One of the key strengths of SAP Business One is the ability to tailor the solution to the needs of customers using add-ons developed by our Software Solution Partners (SSPs) and our Value Added Resellers (VARs). So you’ll be pleased to know that SAP Business One Cloud still has add-ons, the scope of them has just changed slightly so they get a new name, SAP Business One Cloud Extensions.
In this post I’ll cover what SAP Business One Cloud Extensions are and what you need to consider when deploying them as part of your SAP Business One Cloud Strategy. In part two we’ll look at how you deploy extensions in the cloud.
So why the name change? The reason is simple, we wanted to differentiate between cloud add-ons and on-premise add-ons as there are multiple extension types in SAP Business One Cloud:
- Compatible add-ons – These are add-ons that do not have fully automated lifecycle management within the SAP Business One Cloud environment. This means that they may need manual configuration outside of the SAP Business One Cloud Control Center. Typically these add-ons will be on-premise add-ons that have been made compatible with any changes in the API to support the cloud but not fully migrated to take full advantage.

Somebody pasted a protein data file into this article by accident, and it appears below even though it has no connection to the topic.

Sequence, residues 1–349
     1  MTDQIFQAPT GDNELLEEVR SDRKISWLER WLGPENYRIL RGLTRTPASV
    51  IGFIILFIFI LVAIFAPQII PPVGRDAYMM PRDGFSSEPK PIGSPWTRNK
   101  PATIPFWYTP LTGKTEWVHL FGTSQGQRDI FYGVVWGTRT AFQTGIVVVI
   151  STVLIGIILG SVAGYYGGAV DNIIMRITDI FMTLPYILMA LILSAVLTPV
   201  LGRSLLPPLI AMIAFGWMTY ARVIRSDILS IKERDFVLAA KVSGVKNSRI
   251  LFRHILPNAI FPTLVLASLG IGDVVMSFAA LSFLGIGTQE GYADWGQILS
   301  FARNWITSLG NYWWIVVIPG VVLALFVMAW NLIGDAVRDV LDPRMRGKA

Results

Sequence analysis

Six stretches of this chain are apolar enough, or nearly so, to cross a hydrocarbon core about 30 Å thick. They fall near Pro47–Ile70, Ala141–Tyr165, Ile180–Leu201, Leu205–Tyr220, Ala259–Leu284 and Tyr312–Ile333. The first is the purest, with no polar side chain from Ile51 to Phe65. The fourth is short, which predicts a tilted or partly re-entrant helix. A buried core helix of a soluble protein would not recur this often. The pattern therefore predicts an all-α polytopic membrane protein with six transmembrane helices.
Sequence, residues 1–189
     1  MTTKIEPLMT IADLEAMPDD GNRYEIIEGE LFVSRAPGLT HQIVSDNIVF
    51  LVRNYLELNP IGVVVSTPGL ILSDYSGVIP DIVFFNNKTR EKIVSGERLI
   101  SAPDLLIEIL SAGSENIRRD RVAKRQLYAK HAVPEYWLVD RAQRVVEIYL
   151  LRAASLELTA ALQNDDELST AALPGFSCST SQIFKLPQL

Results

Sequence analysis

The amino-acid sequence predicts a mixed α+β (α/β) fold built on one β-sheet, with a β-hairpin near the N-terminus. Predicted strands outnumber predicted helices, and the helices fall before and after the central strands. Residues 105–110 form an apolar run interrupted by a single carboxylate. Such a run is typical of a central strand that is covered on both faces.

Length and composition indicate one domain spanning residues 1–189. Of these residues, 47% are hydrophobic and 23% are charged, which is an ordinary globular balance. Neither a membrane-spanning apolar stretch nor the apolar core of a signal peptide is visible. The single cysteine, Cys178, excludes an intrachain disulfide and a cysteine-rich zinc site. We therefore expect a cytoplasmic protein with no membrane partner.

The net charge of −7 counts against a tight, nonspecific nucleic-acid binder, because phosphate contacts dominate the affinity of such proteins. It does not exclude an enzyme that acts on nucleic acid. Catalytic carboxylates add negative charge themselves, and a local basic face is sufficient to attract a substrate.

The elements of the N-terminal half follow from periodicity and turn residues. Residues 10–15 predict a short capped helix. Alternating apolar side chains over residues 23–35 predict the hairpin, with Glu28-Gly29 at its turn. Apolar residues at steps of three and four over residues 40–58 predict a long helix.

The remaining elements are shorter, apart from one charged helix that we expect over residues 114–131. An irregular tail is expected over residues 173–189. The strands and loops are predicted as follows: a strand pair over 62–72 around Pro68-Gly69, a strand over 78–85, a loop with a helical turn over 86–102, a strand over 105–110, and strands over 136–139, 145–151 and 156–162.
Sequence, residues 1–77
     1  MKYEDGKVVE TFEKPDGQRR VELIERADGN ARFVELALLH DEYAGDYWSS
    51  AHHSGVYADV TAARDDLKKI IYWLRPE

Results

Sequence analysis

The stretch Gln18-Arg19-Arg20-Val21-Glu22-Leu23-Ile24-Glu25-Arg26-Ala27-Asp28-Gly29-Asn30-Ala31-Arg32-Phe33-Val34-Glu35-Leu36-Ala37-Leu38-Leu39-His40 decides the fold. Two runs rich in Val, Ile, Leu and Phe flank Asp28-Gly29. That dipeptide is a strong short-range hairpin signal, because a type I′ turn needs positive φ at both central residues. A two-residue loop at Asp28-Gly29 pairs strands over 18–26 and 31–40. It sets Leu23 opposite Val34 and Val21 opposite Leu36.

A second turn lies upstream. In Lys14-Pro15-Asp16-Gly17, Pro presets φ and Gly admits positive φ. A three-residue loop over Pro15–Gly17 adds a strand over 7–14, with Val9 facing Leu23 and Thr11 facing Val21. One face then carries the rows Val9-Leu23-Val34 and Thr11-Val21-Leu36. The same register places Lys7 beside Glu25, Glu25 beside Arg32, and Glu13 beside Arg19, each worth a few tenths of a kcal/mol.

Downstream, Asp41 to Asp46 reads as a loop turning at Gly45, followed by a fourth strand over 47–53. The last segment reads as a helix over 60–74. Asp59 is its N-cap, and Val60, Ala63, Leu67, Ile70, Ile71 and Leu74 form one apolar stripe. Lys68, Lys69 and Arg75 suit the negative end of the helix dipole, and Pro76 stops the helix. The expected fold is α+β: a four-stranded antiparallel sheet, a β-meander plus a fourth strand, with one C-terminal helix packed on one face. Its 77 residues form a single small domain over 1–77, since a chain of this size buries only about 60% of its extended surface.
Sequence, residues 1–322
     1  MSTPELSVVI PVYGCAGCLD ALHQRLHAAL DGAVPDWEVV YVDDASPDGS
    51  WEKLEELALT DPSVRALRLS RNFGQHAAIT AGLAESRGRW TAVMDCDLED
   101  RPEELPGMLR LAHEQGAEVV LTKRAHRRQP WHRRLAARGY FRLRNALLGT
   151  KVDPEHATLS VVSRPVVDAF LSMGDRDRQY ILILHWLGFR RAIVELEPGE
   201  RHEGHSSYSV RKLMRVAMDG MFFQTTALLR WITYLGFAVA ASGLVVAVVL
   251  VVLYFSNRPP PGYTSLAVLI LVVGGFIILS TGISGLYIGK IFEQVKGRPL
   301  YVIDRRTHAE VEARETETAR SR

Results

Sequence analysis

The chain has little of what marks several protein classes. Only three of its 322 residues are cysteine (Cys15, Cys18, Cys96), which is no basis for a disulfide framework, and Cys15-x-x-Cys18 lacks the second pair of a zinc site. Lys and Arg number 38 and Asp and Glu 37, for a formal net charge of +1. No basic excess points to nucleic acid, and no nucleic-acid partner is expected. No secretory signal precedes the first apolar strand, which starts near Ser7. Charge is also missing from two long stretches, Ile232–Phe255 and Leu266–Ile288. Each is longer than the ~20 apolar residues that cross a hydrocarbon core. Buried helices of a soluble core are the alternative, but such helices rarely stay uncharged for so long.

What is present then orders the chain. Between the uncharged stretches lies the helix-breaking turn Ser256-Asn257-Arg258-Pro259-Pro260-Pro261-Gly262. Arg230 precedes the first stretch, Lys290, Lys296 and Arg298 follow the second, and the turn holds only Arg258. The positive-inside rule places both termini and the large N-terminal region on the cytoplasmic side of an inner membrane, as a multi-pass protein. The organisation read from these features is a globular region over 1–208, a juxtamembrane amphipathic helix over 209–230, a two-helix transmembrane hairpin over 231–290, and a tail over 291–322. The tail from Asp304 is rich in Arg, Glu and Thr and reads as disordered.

- Add-ons enabled for Lightweight Deployment – These add-ons have been designed to take advantage of the ability to fully automate lifecycle management with the SAP Business One Cloud Control Center. Depending on just how extensive the integration has been it may be possible to configure a large amount of the add-on from within the SAP Business One Cloud Control Center, removing the need to configure the add-on in the SAP Business One client thereby speeding up deployment and reducing complexity. These add-ons can also be certified by SAP for use with SAP Business One Cloud.
More information about SAP Business One Cloud Extensions, such as the certification process, a list of certified extensions etc. can be found in the SAP Business One Cloud section of the PartnerEdge.com